Charlie Oatway

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Charlie Oatway
Charlie Oatway.JPG
Personal information
Full name Anthony Philip David Terry Frank Donald Stanley Gerry Gordon Stephen James Oatway[1]
Date of birth (1973-11-28) 28 November 1973 (age 41)[1]
Place of birth Hammersmith, England
Height 5 ft 7 in (1.70 m)
Playing position Midfielder
Senior career*
Years Team Apps (Gls)
1993–1994 Yeading ? (?)
1994–1995 Cardiff City 32 (0)
1995–1997 Torquay United 67 (1)
1997–1999 Brentford 57 (0)
1998 Lincoln City (loan) 3 (0)
1999–2007 Brighton & Hove Albion 224 (8)
2007–2009 Havant & Waterlooville 6 (0)
* Senior club appearances and goals counted for the domestic league only.
† Appearances (Goals).

Anthony Philip David Terry Frank Donald Stanley Gerry Gordon Stephen James Oatway (born 28 November 1973), more commonly known as Charlie Oatway, is an English former footballer. Oatway retired from the professional game in August 2007. He was assistant manager and a player at Havant & Waterlooville but departed the club in June 2009. He is currently first team coach at Sunderland.

Career[edit]

Born in Hammersmith, London,[1] Oatway spent eight years at Brighton & Hove Albion and eventually became club captain. He has also played for Cardiff City, Torquay United and Brentford, (at all three clubs he played under manager Eddie May) as well as a brief loan spell at Lincoln City. At Brentford he scored once, his strike coming in a 3-0 win over West Bromwich Albion in the League Cup.[2]

Following yet another serious injury, Oatway retired from playing with immediate effect on 2 August 2007. Oatway's career at Brighton was successful. He won the Third Division championship in 2001, the Second Division championship in 2002 and was a Second Division play-off champion in 2004.[3] Oatway currently acts as a sporting liaison for "Albion in the Community" offering coaching sessions at Brighton Hove & Sussex Sixth Form College.

Following his professional retirement, Oatway joined Conference South team Havant & Waterlooville as a player and assistant manager. He departed the Hawks in June 2009[4] following disagreements about his financial agreement with the club: the club ceased payments for his playing contract at the end of the 2008–09 season though a new contract solely as assistant manager was offered.[5] Oatway was appointed first team coach at Brighton & Hove Albion by manager Gus Poyet on 1 December 2009. Charlie Oatway follows Gus Poyet to Sunderland in October 2013 to continue his role as Backroom staff. [6]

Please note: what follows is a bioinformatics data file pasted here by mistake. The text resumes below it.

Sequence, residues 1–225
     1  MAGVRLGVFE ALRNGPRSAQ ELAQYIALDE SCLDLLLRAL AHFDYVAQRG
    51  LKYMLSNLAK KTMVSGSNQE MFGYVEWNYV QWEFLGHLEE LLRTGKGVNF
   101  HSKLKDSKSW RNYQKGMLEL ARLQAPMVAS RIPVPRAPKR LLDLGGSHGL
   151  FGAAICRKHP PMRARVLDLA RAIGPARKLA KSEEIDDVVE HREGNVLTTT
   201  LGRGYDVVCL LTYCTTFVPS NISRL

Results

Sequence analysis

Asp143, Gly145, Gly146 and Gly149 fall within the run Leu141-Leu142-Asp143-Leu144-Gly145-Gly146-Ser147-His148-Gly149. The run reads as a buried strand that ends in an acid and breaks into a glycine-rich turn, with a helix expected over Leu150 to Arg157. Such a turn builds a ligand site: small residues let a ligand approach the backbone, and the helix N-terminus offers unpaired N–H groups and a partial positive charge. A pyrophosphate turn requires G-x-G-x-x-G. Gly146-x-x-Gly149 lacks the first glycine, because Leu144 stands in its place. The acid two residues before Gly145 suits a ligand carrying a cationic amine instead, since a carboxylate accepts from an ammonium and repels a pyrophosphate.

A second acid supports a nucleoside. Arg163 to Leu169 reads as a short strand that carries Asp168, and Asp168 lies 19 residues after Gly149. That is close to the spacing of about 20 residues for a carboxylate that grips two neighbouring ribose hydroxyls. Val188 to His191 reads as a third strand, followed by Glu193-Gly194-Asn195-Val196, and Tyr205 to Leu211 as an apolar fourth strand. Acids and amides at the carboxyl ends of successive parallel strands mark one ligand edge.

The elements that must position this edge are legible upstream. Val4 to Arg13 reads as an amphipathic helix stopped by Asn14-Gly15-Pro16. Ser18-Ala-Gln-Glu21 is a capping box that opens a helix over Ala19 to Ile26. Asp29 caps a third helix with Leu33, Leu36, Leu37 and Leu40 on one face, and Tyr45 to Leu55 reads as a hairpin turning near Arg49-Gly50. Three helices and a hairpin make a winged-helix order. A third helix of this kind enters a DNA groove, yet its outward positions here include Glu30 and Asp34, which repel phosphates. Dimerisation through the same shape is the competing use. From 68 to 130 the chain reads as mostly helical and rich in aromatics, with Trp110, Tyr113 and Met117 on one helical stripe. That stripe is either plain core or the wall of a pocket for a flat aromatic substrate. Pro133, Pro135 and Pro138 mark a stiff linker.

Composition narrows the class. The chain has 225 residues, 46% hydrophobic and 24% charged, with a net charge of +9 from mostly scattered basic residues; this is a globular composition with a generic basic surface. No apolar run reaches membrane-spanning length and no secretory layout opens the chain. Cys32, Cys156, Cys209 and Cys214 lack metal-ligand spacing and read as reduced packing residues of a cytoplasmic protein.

Personal life[edit]

Oatway's full name is Anthony Philip David Terry Frank Donald Stanley Gerry Gordon Stephen James Oatway. The reason behind this rather unusual name is the fact that both his parents were Queens Park Rangers fans, and decided to give their son the names of QPR's entire 1973 first team squad.[7] When his parents told his aunt the proposed name, she said "he'd look a right Charlie", and the name stuck.[8] His 17-year old son, also called Charlie, currently plays for Brighton's development squad joining prior to the 2012/13 season.[9] His autobiography "Tackling Life" was published in February 2011. Oatway has 5 children. The oldest is 22 and the youngest is 19 months.

References[edit]

  1. ^ a b c Hugman, Barry J. (2005). The PFA Premier & Football League Players' Records 1946–2005. Queen Anne Press. p. 463. ISBN 1-85291-665-6. 
  2. ^ "Off colour Albion get stung by killer Bees; Brentford 3 West Bromwich Albion 0 (Brentford win 4-2 on aggregate).". thefreelibrary.com. 19 August 1998. Retrieved 12 August 2013. 
  3. ^ "Oatway Forced To Retire". Brighton & Hove Albion F.C. Retrieved 4 August 2007. 
  4. ^ "Oatway leaves Hawks". The News. 25 June 2009. Retrieved 24 July 2009. 
  5. ^ "Hawks hit back after Oatway exit shock". The News. 25 July 2009. Retrieved 24 July 2009. 
  6. ^ http://tyneandwear.sky.com/sunderland/article/84634/the-greatest-name-in-football-meet-poyets-sunderland-backroom.
  7. ^ Bandini, Paolo; Dart, James (11 April 2007). "The most unusual footballer names ever". The Guardian. Retrieved 4 August 2007. 
  8. ^ "Quotes; Lewis/Ranieri". BBC Sport. 26 April 2004. Retrieved 6 August 2007. 
  9. ^ "Two more young guns help Rocks shape up for season". Chichester Observer. 15 July 2009. Retrieved 24 July 2009. 

http://tyneandwear.sky.com/sunderland/article/84634/the-greatest-name-in-football-meet-poyets-sunderland-backroom

External links[edit]